What Women Need to Control In-Vitro Fertilization
Menzies, Heather, Herizons
What women need to control in-vitro fertilization.
If women can get the help and support they need to control IVF technologies available today, there might be more hope of controlling other, more `high tech' NRTs in the future.
Here's what's needed, at a minimum, for potential consumers of IVF to control IVF:
1 Women need to be guaranteed sovereignty over their bodies, including those parts which are removed for in-vitro fertilization. Women's reproductive autonomy must be clearly established in law. (This was recommended to the Royal Commission by the Coalition for Reproductive Choice in Winnipeg, the Canadian Labour Congress and Carleton University law professor Brettel Dawson). With such a law in place, anyone using a woman's eggs or fertilized embryos without permission, including precise limitations on that use, would be committing a crime.
2 Because of its low (less than 10 per cent) success rate and the lack of long-term studies on various aspects of the technology used, IVF must be clearly identified as an "experimental treatment." This was recommended by a number of women's groups: NAC, The Canadian Research Institute for the Advancement of Women (CRIAW), the Ontario Coalition for Abortion Clinics (OCAC) and the YWCA of Yellowknife. All the World Health Organization guidelines concerning human experiment subjects would have to apply: No private-profit clinics, and complete disclosure of all information about all aspects of the treatment and the associated hazards.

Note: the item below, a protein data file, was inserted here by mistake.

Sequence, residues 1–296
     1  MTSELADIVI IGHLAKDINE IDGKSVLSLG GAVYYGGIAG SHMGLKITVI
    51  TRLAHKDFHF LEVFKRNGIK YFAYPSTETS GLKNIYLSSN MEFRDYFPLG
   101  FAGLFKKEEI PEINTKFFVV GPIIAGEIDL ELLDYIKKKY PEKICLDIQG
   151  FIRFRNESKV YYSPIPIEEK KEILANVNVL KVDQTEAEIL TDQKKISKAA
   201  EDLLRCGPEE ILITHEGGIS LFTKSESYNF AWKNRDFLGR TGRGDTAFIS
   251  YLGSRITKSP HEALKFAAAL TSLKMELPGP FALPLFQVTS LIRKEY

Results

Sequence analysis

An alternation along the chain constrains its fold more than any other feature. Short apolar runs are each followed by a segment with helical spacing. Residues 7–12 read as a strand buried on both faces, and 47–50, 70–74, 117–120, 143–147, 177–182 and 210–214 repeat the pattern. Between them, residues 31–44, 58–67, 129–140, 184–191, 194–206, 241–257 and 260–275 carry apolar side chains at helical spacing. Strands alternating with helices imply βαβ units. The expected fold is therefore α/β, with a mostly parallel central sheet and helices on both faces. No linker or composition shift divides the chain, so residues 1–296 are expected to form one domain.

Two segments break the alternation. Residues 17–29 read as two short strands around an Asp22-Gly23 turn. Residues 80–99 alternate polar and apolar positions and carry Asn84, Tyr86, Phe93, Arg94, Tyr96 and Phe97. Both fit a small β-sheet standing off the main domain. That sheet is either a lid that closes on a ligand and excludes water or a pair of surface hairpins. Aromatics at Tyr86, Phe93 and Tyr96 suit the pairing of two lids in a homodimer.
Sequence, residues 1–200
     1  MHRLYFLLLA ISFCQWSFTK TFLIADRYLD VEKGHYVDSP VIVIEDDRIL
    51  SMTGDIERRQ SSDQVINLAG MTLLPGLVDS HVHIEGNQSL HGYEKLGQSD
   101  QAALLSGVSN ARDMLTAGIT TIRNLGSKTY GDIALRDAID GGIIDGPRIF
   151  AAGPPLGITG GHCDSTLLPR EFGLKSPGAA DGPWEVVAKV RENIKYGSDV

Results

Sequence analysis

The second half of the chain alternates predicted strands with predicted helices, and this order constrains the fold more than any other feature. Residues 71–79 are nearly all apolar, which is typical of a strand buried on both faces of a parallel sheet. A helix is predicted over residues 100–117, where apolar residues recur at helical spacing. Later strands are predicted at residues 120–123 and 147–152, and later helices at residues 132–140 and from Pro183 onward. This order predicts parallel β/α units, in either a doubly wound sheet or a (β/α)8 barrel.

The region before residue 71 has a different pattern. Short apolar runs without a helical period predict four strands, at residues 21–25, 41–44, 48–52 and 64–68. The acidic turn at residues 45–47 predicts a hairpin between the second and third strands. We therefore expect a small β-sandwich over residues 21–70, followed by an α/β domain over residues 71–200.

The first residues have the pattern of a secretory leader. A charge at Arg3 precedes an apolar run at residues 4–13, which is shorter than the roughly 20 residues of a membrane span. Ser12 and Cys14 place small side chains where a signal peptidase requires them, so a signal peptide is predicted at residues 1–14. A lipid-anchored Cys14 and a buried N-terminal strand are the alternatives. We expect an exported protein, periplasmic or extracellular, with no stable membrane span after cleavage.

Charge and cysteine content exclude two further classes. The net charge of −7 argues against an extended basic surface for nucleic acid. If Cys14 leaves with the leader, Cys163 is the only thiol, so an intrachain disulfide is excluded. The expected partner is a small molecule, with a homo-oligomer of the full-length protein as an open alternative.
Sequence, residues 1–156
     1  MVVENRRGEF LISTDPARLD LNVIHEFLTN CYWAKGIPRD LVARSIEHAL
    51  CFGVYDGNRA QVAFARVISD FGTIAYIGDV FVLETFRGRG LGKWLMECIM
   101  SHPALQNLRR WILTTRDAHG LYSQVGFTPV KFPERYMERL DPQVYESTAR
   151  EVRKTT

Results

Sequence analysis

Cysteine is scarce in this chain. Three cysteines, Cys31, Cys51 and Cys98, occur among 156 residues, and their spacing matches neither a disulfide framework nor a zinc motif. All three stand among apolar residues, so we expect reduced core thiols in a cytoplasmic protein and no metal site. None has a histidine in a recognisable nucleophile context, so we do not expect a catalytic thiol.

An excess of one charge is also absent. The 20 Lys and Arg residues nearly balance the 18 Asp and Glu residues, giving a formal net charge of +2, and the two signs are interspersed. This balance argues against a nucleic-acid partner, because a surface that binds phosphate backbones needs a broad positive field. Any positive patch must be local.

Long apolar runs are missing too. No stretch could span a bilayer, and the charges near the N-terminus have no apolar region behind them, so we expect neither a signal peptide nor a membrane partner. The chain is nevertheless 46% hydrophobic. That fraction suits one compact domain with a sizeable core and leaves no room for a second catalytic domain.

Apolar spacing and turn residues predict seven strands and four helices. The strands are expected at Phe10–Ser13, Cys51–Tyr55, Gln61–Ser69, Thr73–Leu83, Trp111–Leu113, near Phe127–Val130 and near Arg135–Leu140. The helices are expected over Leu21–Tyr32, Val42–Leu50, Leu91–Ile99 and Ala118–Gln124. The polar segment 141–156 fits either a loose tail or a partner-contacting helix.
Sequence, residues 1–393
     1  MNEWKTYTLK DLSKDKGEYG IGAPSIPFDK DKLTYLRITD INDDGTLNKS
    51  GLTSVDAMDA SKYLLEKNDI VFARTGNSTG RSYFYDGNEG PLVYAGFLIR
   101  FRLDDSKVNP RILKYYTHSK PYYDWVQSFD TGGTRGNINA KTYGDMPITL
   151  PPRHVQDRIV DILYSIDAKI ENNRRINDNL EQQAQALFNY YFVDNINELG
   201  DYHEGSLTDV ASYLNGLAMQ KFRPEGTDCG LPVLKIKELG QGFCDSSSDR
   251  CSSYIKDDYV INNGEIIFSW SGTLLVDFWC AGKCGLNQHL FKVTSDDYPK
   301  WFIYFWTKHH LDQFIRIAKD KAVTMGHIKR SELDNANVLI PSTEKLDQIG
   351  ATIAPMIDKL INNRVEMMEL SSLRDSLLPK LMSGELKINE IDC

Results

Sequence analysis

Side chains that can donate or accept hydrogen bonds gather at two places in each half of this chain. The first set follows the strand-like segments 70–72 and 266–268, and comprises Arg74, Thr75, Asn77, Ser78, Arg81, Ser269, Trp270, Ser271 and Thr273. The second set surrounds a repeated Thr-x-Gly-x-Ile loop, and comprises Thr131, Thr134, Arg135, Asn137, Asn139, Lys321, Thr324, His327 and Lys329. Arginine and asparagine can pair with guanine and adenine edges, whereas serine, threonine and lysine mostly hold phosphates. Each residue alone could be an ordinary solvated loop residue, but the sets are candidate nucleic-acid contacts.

3 Women need information about the long-term effects of the IVF technologies. Many women are ready and eager to cooperate in long-term follow-ups, both of themselves and any children born as a result. But they cannot do it alone. IVF must be mandated by government policy, and supported by it as well. This was recommended by NAC, the University Women's Club of North York and the DES Action Canada.
4 Women also need to inform themselves about the technology on their own terms, not on terms dictated by a doctor or clinic who may or may not accept them for treatment. …